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The impact of gender perceptions on gender discriminatory practices in agricultural extension activities: A field experiment in Kenya

Last registered on May 16, 2022


Trial Information

General Information

The impact of gender perceptions on gender discriminatory practices in agricultural extension activities: A field experiment in Kenya
Initial registration date
May 15, 2022

Initial registration date is when the trial was registered.

It corresponds to when the registration was submitted to the Registry to be reviewed for publication.

First published
May 16, 2022, 5:21 PM EDT

First published corresponds to when the trial was first made public on the Registry after being reviewed.


Primary Investigator

Wageningen University and Research

Other Primary Investigator(s)

PI Affiliation
International Food Policy Research Institute
PI Affiliation
Wageningen University and Research

Additional Trial Information

On going
Start date
End date
Secondary IDs
Prior work
This trial does not extend or rely on any prior RCTs.
The agricultural sector provides plenty of opportunities to improve female farmers’ livelihoods in sub-Saharan Africa. Still, in many countries, the sector is also characterised by gender biases in various forms and diverse areas, even when men and women farmers share comparable abilities. This study investigates the existing gender (social) norms that inform the construction of gender roles in society, allocating “passive” positions to women farmers. In particular, this study focuses on the influence of these social norms in the context of agricultural extension activities. Social norms ingrained in individual beliefs and preferences can influence how individuals respond to information dependent on the gender of extension agents. Through a field experiment with smallholder farmers in Kenya, this study ascertains how shared societal norms encourage gender discrimination in village agricultural extension activities. Additionally, it explores if edutainment on gender roles can influence gender perceptions concerning female village extension service providers.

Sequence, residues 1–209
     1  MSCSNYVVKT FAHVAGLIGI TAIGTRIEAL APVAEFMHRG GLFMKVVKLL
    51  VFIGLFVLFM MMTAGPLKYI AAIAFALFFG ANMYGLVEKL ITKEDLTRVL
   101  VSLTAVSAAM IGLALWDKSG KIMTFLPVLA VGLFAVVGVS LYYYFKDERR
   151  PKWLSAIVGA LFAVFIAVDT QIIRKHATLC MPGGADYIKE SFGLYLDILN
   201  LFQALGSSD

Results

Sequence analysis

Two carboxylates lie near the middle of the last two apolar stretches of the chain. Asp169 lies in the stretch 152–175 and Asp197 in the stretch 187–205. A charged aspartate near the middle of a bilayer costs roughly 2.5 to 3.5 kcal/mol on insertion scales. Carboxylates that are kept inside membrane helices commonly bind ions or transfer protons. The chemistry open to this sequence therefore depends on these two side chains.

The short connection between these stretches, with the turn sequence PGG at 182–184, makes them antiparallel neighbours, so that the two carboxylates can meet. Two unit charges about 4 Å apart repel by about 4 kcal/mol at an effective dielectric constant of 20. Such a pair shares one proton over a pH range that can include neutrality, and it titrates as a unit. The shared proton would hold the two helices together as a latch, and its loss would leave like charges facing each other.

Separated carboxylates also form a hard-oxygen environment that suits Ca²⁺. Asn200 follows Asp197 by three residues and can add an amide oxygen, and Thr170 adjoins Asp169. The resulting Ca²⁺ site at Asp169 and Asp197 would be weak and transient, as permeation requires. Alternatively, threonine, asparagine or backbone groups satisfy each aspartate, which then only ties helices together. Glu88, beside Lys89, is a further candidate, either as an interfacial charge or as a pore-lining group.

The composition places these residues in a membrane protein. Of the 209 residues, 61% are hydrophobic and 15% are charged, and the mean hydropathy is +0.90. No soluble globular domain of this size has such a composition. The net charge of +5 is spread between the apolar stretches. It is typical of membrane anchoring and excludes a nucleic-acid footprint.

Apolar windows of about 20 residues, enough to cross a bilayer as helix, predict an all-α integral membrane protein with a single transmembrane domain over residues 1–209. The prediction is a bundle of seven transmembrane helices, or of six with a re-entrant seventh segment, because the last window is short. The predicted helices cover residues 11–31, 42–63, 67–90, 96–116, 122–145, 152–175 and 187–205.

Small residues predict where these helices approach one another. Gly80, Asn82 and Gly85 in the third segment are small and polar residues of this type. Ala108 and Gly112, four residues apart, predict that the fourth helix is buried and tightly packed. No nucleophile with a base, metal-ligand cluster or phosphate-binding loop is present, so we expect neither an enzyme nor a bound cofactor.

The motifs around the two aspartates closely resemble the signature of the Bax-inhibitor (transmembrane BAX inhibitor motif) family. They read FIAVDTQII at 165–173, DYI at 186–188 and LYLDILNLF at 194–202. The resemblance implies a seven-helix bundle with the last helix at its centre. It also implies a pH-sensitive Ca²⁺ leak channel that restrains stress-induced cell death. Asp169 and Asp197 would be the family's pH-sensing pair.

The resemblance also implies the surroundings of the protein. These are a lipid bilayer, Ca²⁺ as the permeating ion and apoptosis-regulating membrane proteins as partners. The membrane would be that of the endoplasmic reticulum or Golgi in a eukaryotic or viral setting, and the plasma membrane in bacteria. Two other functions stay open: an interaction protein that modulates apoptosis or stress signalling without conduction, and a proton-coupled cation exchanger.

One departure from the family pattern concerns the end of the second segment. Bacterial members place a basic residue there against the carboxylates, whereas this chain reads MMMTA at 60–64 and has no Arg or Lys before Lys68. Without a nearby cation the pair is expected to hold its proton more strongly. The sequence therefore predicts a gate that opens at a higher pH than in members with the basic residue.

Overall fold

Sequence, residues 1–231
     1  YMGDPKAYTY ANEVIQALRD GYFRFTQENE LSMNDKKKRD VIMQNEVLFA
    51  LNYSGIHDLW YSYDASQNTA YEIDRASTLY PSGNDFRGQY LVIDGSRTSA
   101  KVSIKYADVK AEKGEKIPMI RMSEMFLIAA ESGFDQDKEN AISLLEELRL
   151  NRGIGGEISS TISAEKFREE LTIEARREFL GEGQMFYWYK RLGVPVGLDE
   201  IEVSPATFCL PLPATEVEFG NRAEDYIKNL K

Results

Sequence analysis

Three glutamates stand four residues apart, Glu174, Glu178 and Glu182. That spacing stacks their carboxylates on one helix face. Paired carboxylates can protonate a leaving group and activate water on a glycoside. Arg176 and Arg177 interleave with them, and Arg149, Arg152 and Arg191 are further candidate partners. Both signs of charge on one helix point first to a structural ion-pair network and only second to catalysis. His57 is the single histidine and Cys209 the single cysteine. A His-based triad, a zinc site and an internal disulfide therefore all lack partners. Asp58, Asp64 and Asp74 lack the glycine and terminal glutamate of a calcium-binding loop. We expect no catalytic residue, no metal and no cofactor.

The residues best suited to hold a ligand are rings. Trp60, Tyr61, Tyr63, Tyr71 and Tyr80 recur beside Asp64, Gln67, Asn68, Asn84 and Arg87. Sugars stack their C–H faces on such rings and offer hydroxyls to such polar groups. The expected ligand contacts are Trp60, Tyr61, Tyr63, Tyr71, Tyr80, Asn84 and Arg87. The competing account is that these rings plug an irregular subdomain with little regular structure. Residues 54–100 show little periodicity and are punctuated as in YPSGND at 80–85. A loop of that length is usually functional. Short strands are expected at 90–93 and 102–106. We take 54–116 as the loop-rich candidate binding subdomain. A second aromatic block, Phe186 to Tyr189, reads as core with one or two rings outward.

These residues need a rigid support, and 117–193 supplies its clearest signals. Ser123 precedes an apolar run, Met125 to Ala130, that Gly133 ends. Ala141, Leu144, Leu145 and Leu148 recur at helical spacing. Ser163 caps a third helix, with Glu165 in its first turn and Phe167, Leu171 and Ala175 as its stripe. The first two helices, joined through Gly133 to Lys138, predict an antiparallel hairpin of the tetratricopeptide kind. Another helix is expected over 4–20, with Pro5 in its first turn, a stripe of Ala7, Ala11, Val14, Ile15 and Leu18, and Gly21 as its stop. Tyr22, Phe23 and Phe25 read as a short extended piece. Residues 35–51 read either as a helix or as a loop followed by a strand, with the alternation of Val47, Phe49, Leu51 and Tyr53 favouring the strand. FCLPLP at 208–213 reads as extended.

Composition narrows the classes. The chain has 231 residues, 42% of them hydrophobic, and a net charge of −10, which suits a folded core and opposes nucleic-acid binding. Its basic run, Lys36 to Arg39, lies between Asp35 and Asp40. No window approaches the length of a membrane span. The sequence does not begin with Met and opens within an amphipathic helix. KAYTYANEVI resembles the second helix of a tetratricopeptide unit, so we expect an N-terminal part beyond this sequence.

External Link(s)

Registration Citation

Aju, Stellamaris, Berber Kramer and Marrit van den Berg. 2022. "The impact of gender perceptions on gender discriminatory practices in agricultural extension activities: A field experiment in Kenya." AEA RCT Registry. May 16.
Experimental Details


An edutainment on gender is introduced to the treatment group of the farmers only. This is a gender video message that informs the farmers on the importance of joint decision-making, debunking gender stereotypes, and addressing intimate partner violence. This video will be recorded as an episode of a popular television drama series called “Shamba Shape-up,” which the farmers are familiar with. This gives a mix of entertainment combined with educational messages hence, an edutainment. The popularity of this show also increases the credibility of the video message. The video will not be displayed on the television show until after the data for this study has been collected. Farmers will be organised in groups to watch this video. Assuming no observed differences in the mean test scores between male and female champion farmers, such aggregated results will be reflected in the video. This will give the farmers insights into what is obtainable in their contexts. If the test scores reflect differences in retentive abilities, the results are not included in the video content.